One Transfer Deadline Was Never Enough Was It
You've got to love the football authorities, if transfer deadline days weren't ridiculous enough already - they've now begun to breed.
Following the Premier League's decision to close the transfer window early from next summer - Premier League Agree Transfer Amendment for 2018/19.
In short, with transfer saga's involving Phillipe Coutinho, Virgil van Dijk, Alexis Sanchez and others, the Premier League looked for stability and believed by a majority that closing the transfer window before the first ball of the campaign had been kicked, that would allow managers and clubs to create better plans for the season ahead and kill the speculation linking people with a move once the season had begun.
It must be said the Premier League only got a majority vote, there were dissenters who voted against the change.
The EFL's decision is broadly similar with stability being quoted - EFL Clubs Agree Early Transfer Window Closure.
The permanent transfer window will now close at 5pm on Thursday August 9 and the Premier League and EFL are now aligned on that score.
However, the plan has issues because the window will close ahead of the season kick off in the top flight, but after the first round of fixtures in the EFL.
Moreover, whilst the early permanent window ceases purchases, there are clubs abroad to consider and European and Worldwide leagues are now more out of sync with us - so although it may more effect the Premier League and Championship levels to a lessor extent, it will do nothing for the speculation and disruption from foreign interest.
If anything it simply forces club into making quicker moves for permanent captures, with the obvious further hike in transfer fees that will bring, and of course the richer clubs in the game gain an advantage on that front.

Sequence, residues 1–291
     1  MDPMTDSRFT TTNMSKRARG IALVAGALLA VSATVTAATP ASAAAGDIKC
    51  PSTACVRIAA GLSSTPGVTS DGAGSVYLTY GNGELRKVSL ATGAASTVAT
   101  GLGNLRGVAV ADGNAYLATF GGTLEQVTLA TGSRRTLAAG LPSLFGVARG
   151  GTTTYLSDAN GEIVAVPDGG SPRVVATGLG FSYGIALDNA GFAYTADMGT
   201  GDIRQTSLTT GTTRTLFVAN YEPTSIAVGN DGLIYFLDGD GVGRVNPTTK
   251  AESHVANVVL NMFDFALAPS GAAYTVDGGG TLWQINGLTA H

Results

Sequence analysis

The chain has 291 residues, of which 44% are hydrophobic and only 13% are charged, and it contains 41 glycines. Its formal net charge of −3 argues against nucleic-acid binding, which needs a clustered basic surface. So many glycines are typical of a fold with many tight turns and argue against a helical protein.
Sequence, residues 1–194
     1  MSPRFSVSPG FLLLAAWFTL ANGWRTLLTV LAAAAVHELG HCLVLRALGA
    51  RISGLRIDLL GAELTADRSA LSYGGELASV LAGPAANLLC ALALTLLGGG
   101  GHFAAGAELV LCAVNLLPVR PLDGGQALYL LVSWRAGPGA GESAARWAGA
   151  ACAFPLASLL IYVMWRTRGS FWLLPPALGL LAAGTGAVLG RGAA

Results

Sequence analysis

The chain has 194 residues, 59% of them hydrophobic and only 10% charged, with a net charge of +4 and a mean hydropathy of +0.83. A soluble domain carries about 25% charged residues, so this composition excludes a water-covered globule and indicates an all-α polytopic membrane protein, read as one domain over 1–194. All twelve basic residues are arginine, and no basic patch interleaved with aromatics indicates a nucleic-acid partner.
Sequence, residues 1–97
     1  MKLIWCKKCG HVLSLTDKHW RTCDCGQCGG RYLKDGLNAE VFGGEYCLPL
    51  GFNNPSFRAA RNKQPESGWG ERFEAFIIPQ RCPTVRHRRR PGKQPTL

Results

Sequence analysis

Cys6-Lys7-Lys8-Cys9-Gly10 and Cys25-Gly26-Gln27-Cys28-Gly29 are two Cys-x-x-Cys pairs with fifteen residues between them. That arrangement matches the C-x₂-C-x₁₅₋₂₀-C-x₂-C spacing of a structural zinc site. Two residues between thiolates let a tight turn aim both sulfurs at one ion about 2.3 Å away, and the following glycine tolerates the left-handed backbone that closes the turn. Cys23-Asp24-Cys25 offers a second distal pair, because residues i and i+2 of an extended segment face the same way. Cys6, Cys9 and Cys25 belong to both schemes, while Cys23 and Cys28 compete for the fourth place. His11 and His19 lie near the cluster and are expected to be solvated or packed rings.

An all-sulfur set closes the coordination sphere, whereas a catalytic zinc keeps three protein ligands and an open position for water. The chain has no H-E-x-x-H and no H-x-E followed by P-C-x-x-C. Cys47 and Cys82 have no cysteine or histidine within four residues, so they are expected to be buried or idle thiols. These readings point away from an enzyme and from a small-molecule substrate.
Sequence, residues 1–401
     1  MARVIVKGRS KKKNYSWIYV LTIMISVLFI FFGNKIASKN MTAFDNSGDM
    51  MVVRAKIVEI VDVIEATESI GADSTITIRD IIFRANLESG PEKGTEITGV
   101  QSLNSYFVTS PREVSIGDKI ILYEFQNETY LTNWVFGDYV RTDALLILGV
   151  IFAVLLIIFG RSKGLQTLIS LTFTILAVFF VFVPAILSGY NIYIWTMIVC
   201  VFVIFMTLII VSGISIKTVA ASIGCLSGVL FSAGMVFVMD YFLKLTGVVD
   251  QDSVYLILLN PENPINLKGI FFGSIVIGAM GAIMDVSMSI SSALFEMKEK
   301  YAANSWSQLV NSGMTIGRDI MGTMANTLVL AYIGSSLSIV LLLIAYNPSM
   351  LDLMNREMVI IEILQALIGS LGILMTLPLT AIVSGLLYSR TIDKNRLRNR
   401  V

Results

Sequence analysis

I can find no confirmation of this, but EFL clubs in making their change can still sign players on a standard loan with an agreement to buy until August 31, so again that won't temper speculation or disruption from foreign markets and nor will it achieve such in domestic markets, it will delay a permanent transfer and drive the price up, and I presume the Premier League change may contain a similar stipulation as clubs will undoubtedly still want a pathway for youngsters to gain experience, so it potentially keeps that door open.
So is that really going to reduce elements of uncertainly and players being unsettled in the domestic market after the season has begun? Clubs will just be forced to pay a higher loan fee surely and again that will benefit the richer clubs in the pyramid.
In an attempt to create some level of fairness and sense, they've succeeded in further complicating things, and given what this change was supposed to achieve - I don't think they could've missed the mark by a wider margin in they'd set out with that aim.
We now have multiple transfer deadlines during our domestic season, let alone the - albeit smaller - impact of foreign deadline days and short of further artificially inflating the fees for a bunch of people who kick a ball around for a living, whilst the caveat of 'loan to then buy' remains open, it achieves absolutely nothing else in the process.
Am I missing something, as I really don't see what this will achieve?